The department offers a graduate program leading to a Doctoral degree that is built around courses in food science and technology, supported by courses in chemistry, biochemistry, microbiology, mathematics, statistics, engineering, and biology.  Individual graduate programs   (3 years) are planned with the advisor to prepare students for opportunities in industry, academia, and government.  On a limited basis, selected students can complete a Ph.D. program (4 years) without earning a Master's degree.

Areas of Dissertation Research

  • Food chemistry
  • Food safety and microbiology
  • Food processing and packaging
  • Food engineering
  • Aquaculture
  • Functional foods for health
  • Product development
  • Sensory evaluation

Program Coursework

The departmental course/credit requirements for the Ph.D. degree in Life Sciences (Food Science & Technology) include completion of at least 90 graduate credits, composed of the following:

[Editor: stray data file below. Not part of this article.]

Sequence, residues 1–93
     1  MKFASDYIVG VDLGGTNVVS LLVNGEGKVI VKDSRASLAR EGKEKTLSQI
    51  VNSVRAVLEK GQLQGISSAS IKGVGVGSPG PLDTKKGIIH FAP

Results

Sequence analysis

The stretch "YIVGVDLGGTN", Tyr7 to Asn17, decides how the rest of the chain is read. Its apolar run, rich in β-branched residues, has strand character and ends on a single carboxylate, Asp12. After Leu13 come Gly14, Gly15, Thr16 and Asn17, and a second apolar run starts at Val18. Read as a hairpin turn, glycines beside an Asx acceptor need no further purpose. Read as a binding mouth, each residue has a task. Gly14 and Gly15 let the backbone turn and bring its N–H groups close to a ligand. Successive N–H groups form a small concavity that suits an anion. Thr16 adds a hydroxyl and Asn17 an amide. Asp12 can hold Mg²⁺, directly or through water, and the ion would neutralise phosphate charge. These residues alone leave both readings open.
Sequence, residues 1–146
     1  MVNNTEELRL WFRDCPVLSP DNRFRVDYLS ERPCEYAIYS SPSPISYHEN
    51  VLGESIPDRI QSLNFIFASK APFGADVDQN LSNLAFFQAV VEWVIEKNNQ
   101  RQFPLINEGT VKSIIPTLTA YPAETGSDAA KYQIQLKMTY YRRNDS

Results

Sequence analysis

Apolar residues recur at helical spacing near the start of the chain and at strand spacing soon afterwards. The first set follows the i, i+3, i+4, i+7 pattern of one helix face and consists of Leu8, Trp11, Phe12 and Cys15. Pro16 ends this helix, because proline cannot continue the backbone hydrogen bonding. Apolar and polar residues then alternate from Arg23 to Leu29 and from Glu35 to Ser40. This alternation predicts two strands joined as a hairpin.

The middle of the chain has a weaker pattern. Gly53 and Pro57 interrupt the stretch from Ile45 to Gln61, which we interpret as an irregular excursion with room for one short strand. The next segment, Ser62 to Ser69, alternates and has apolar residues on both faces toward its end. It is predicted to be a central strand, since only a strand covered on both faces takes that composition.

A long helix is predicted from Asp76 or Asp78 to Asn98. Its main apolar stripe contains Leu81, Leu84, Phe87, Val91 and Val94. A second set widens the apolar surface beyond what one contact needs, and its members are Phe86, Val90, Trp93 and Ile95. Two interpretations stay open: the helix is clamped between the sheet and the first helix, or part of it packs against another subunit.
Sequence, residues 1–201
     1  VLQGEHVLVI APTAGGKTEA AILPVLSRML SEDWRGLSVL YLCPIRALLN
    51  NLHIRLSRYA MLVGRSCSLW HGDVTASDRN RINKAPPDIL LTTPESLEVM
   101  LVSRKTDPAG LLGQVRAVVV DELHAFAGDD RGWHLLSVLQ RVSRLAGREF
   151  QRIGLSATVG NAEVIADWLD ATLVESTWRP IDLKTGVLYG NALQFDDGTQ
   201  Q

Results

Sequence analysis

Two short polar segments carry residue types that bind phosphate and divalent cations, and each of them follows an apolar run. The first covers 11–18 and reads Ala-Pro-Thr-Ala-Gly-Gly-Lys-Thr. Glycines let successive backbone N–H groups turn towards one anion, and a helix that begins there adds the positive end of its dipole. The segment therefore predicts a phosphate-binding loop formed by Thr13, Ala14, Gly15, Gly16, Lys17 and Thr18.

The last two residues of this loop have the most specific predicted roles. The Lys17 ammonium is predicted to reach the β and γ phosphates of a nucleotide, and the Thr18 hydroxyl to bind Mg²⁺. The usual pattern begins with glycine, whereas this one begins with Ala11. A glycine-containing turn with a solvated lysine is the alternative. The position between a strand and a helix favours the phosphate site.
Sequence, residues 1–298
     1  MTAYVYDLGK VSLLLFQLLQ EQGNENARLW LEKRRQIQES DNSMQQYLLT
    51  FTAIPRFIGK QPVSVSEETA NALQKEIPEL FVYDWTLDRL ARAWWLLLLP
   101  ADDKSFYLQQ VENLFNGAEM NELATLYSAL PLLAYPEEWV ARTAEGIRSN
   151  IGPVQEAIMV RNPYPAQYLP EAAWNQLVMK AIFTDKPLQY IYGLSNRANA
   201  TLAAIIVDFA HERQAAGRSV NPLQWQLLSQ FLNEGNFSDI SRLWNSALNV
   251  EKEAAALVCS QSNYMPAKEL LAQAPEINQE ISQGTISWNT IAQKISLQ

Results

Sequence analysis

• at least 30 (max. of 60) credits of Research and Dissertation (FST 7994) 
  • at least 27 credits of 5000 level courses 
  • at least 3 (maximum of 4) credits in Graduate Seminar (FST 5004) 
  • a maximum of 6 credits of 4000 level courses 
  • a maximum of 12 credits of Special Study or Independent Study

The 5000 level courses must include at least 9 credits of FST department courses.  Additionally a 5000 level biochemistry course (typically BCHM 5124) and two 5000 level statistics course (typically STAT 5605 & 5606, or 5615 & 5616) and our Graduate Professionalism in Food Science course (FST 5054) are required. Graduate students will need to complete the following courses (or an equivalent) if they were part of their previous degree program:

  • Food Chemistry (FST 4504)
  • Food Microbiology or Advances in Food Micro (FST 3604 or 5604)
  • Food Processing (FST 4304) or Food Safety and Quality Assurance (FST 4524)